By Dan McClenaghan
I bought a baboon’s heart from a lab in Amsterdam, on Amazon. Two days later a guy pulled a white van to the curb and ran my purchase up to our front door. I gave him the cashier’s check, the second half of the payment. He gave me the heart, bubbled-wrapped and surrounded by shards of dry ice in a cube of cardboard. Then off he went, to make the rest of the day’s deliveries. And all of my Medicare voucher and half my retirement nest egg were gone.
Jolene—God bless her—went online and found a doctor in Mexico to do the operation. It’s not legal yet in the States. It’s all pig’s hearts here now, cloned sows with the rejection factor engineered out of them. But who can afford legal? We took a second mortgage on our house to pay for the baboon heart and the Mexican doctor. I’ll live if the operation goes well—live poor, maybe, but it’s better than dead.
We rolled down from Tijuana, the simian heart in its box sitting on the back seat. Traffic slowed twenty miles per hour on the toll road north of Rosarito, behind two side-by-side pickup trucks, one carrying a precarious stack of poorly-tied down used furniture, the other riding low with the weight of a live donkey. I remarked to Jolene that having to look at a donkey’s ass for half our trip down the peninsula might be considered a bad omen. She shushed me, and at the first opportunity—when the furniture truck pulled ahead—she stomped the gas and sped by the donkey. It gave us a doleful look as we passed.
Five miles south of Ensenada, a mile from the sea, the clinic, a converted ranch house, jutted up from the hills that glowed green with winter rains. Jolene parked on a packed dirt parking area and we went inside. She slid a stack of cash across the reception desk, received a small receipt from one of those pads you can buy at Staples, and the next thing I knew I was naked on a cold table, my chest shaved, an IV in my arm, and a small, dark-eyed Mexican woman was telling me I would soon be sleepy. But that never happened. My lights just went out, and I awoke God knows how many hours later with a parched throat and a deep ache under my rib cage.
They released me in less than two hours, an old man loopy with residual anesthesia and a healthy dose of generic Oxycodone.
An hour after sunset, a half hour from the border, I noticed something stuck to my chest. I fingered it, pulled the neck of my t-shirt down, and found a nine volt battery taped to my left pectoral, beside the line of stitches that ran like a maroon centipede up the center of my sternum. Wires ran from the battery posts into two small holes in my flesh.
“What?” I croaked to Jolene.
She shot me a look as we approached a toll booth, but I couldn’t read her expression in the dark. She braked to a stop under the booth’s flood light and paid the man in American money, and I could see she’d been crying.
“A battery?” I said.
“There was something wrong with the heart,” Jolene said, pressing the gas pedal down gently, easing us into the inky dark, where I wouldn’t see her tears. I looked out my side window. A million stars shone beyond the black hills. “They had to put in a pacemaker, to get it to beat right.”
“But … a nine volt battery?”
“It’s temporary,” she said, her voice cracking. “They weren’t prepared for a damaged organ. They had me order the right pacemaker battery on Amazon.”
“Amazon,” I said.
“It’ll be here in two days. We have Prime”
I closed my eyes, slipping into the Oxycodone’s euphoric embrace. I dreamed that we came up behind the donkey again, and that Jolene pulled around to pass him, but when she did the truck sped up to ride beside us. As we barreled along side-by-side, the donkey turned to me, with an expression that told me he had something to say. I rolled down my window. His rubbery lips writhed as he said, “I tried to stop you on the way down, tried to tell you this baboon thing was a mistake.” Then the dream shifted to an African savanna, and I was running with my cohorts, stout-hearted fellows all. With our lips pulled back from our enormous canines, we took down a small antelope, and I tore out its throat.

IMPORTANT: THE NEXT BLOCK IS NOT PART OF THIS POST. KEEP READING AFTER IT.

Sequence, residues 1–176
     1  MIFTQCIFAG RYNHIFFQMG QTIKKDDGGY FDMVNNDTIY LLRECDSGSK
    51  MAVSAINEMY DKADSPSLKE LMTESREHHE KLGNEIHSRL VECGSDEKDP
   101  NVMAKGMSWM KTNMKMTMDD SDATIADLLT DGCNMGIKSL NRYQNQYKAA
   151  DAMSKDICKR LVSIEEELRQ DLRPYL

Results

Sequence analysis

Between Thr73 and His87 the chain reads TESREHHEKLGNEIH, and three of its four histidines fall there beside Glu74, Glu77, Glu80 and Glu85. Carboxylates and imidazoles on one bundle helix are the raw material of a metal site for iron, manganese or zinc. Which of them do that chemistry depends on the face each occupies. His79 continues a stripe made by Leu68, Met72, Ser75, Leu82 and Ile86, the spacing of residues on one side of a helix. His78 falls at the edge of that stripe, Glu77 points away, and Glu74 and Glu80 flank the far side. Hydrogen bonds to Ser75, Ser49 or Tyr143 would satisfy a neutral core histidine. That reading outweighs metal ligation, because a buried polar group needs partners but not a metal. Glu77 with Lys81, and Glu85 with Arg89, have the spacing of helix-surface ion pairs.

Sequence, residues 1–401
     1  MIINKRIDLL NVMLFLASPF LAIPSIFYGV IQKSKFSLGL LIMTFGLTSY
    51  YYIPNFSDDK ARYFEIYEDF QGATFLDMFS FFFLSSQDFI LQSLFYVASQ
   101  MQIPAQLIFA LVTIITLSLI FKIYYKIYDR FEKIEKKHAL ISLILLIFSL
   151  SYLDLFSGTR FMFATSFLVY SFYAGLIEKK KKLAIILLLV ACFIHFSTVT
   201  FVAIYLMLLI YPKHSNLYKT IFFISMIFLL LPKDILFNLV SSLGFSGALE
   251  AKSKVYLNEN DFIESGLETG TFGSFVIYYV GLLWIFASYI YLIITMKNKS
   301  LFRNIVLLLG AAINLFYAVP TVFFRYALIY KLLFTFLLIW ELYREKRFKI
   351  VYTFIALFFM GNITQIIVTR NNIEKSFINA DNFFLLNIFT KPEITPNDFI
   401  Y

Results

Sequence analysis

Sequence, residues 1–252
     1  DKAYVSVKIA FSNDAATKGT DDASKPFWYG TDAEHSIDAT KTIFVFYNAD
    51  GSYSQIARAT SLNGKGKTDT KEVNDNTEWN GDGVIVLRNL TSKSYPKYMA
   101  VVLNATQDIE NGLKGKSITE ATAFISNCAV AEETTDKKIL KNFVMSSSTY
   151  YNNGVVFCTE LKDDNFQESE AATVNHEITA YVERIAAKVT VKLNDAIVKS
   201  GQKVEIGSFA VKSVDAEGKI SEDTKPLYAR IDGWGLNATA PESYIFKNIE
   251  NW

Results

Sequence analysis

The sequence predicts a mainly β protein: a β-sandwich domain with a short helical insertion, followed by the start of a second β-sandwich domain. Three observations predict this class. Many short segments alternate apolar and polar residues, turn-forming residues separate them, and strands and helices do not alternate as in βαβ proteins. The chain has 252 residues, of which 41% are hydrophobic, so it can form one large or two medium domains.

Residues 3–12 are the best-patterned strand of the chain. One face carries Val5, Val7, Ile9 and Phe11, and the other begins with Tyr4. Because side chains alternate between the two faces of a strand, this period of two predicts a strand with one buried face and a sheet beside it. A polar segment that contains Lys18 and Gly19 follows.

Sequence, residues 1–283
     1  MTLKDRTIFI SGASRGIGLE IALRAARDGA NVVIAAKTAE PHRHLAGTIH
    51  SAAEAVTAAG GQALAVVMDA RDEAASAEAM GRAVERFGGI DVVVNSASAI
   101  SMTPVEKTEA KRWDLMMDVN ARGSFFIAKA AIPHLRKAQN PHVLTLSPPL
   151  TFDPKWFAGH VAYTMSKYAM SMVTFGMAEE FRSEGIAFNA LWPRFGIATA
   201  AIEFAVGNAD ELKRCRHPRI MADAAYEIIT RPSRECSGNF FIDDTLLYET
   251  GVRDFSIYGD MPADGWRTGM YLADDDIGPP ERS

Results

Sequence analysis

I woke up at the border, and they had the drug dogs out. Two of them. They sniffed under the car on Jolene’s side. When they came around to my side, the dogs pulled away from their handlers, tugging their leashes tight, teeth bared, ears flattened back, low growls rumbling from their throats. I whooped at them through my open window. They went batshit crazy, pulling hard on their leashes, snapping at me, frothing at their mouths. A dogless agent approached my side of the car and asked me where I was from, and what was I bringing back from Mexico.
I pulled down my t-shirt and showed him my scar and my battery.
Jolene said, “Frank, don’t!”
The man’s mouth dropped open, and he waved us through.
And Jolene and I—and my new heart and my battery—headed home.
To be continued.
About Dan McClenaghan
I began with my Ruth and Ellis/Clete and Juanita stories in the early 1980s. At the beginning of the new millennium I started writing reviews of jazz CDs, first at American Reporter, and then (and now) at All About Jazz. I’ve tried my hand at novels, without success.
I’ve been published in a bunch of small presses, most notably the now defunct Wormwood Review. This was in the pre-computer age, when we whomped up our stories on typewriters, then rolled down to Kinkos to make copies, which we stuck in manila envelopes, along with a return envelope with return postage attached. Times have changed.
Aside from the writing, I am married to the lovely Denise. We have three wonderful children and five beautiful grandchildren; and I am a two-time winner—1970 and 1971—of the Oceanside Bodysurfing Contest. Kowabunga!
Photo credit: Frank Jacobi via a Creative Commons license.